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A Primate's Memoir: Love, Death and Baboons in East Africa

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Mar 11th, 2004, 03:15 PM
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A Primate's Memoir: Love, Death and Baboons in East Africa

Just finished this book that I bought at a discounted bookstore on Charing Cross Road on Saturday.

I can't really describe how much I enjoyed it, how wonderfully written it is, how touching and disturbing and how much I have learned from it about the people, the politics, the history and the present of East Africa.

I very strongly recommend it. It's not often that travel literature is so gripping and, as well as entertaining, so informative.


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Mar 11th, 2004, 03:18 PM
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It's by Robert M Sapolsky
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Mar 11th, 2004, 03:45 PM
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Actually I decided to write a review of the book for Amazon, and this is what I just wrote:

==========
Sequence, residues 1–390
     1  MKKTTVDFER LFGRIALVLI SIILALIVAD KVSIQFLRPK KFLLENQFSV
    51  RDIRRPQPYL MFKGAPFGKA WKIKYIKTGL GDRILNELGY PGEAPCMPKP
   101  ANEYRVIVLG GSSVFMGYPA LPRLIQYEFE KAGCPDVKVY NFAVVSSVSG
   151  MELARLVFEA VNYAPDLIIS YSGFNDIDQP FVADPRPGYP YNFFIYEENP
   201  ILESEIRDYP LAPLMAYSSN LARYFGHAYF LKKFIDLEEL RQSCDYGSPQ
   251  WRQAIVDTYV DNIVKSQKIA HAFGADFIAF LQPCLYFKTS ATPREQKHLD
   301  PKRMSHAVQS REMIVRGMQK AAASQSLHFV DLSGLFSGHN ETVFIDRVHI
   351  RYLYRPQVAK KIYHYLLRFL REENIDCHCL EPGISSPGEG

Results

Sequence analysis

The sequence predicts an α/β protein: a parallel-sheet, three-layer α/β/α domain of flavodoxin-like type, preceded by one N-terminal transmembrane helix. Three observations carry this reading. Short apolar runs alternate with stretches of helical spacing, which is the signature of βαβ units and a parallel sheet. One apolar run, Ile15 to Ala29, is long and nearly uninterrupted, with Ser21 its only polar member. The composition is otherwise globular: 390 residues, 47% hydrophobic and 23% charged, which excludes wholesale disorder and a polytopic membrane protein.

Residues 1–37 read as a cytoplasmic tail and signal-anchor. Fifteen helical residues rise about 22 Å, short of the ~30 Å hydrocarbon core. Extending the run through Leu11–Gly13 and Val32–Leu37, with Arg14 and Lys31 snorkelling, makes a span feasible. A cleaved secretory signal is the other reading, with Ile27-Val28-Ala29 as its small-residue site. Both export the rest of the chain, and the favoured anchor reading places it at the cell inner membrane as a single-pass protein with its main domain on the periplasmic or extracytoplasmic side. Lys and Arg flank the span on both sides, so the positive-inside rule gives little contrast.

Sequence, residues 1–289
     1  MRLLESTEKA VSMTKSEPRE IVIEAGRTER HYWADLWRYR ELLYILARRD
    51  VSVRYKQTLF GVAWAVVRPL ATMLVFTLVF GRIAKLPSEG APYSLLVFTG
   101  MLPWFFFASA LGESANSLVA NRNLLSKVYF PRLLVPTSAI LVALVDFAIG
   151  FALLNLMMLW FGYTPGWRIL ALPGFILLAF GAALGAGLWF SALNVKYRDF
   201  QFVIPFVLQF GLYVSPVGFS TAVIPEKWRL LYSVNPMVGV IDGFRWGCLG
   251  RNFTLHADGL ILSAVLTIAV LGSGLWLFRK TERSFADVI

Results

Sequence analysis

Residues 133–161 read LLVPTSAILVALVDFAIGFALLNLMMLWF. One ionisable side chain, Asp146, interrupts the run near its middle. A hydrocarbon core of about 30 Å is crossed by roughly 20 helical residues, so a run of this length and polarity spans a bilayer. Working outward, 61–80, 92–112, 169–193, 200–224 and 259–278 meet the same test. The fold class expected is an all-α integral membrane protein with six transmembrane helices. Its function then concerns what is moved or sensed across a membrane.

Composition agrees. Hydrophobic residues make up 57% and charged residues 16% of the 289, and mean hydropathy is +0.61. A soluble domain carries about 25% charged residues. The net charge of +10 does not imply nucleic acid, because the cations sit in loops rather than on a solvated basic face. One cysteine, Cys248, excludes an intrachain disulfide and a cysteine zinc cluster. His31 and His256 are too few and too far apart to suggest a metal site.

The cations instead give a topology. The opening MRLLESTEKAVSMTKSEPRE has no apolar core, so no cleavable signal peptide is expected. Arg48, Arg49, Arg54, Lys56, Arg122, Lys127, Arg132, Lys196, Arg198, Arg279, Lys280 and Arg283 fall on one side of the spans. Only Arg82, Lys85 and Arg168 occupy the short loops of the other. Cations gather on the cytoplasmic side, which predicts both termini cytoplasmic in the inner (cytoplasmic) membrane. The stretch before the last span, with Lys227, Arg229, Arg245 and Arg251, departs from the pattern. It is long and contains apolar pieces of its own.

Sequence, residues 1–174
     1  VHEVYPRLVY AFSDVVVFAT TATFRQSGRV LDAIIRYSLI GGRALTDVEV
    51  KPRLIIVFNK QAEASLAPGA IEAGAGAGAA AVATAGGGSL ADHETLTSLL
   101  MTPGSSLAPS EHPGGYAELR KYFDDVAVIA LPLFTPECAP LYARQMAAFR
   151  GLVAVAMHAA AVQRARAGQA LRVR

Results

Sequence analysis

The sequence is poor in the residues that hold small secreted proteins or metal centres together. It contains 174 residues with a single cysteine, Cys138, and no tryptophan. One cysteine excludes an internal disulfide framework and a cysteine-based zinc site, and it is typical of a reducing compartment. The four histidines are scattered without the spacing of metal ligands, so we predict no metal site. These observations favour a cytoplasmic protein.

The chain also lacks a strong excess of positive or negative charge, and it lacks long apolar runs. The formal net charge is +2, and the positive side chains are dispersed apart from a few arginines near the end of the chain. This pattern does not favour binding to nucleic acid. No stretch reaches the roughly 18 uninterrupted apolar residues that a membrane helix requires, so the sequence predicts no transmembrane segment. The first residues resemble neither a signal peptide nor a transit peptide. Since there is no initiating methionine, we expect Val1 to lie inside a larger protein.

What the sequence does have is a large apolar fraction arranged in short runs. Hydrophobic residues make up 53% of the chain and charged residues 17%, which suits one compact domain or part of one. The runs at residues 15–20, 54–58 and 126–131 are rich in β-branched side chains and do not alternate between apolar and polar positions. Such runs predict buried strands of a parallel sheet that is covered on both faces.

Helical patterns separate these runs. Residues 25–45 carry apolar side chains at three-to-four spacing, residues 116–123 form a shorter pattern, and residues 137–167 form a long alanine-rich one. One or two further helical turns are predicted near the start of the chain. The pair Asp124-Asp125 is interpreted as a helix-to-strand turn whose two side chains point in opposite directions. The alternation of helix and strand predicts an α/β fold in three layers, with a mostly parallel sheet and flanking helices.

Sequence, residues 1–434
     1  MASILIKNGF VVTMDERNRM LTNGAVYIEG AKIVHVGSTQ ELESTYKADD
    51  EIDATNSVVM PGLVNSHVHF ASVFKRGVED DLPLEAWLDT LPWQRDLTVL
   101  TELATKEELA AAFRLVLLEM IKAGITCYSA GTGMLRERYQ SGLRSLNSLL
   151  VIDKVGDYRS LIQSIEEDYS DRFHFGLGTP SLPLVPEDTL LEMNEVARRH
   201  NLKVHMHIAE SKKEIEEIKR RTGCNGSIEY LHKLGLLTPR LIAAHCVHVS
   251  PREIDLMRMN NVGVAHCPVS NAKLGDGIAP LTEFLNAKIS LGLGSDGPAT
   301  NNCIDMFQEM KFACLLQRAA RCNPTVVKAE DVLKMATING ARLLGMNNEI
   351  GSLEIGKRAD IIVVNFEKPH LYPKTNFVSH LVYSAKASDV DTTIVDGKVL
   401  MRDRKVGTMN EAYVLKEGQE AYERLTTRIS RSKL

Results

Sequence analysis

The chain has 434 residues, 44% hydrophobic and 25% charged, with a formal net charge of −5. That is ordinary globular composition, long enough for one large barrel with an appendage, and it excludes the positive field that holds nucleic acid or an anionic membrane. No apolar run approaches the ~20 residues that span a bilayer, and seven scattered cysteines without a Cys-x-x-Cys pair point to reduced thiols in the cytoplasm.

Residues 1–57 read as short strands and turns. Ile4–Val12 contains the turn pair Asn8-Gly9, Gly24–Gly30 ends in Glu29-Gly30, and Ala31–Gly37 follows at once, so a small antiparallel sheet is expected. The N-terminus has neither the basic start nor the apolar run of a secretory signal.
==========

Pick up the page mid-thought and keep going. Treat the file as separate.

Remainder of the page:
During the course of this book, which is also a partial biography of the author's life and career, we follow Sapolsky's research in Kenya as he studies "his" baboons.

In the early years he concentrates on observing baboon behaviour and correlating it to levels of stress hormones. He analyses by taking samples after darting the individuals he has come to know so well. In later years his research evolves and we continue to learn about the characters he has introduced to us. We begin to understand the structure of baboon society and the similarities to our own instinctive behaviours. We begin to see the baboons as individuals with their own personalities and foibles.

Interspersed with the surprisingly captivating insights into baboons are Sapolsky's escapades in Kenya and surrounding countries. As well as providing entertainment and excitement these often provide astonishing lessons in the politics, history and current situation in the nations of East Africa.

We become familiar too with Sapolsky's African friends and discover fascinating facts about the various tribes and groups that share the land. On some occasions Sapolsky shares touching experiences with those he encounters. On other occasions we read, with some trepidation, about incidents where the resentments simmering below the surface explode out into the open.

The entire account is exceptionally well-written and is both touching and disturbing, both informative and entertaining.

Whether you're an Africaphile or not, if you enjoy travel literature at all, I strongly recommend this book.
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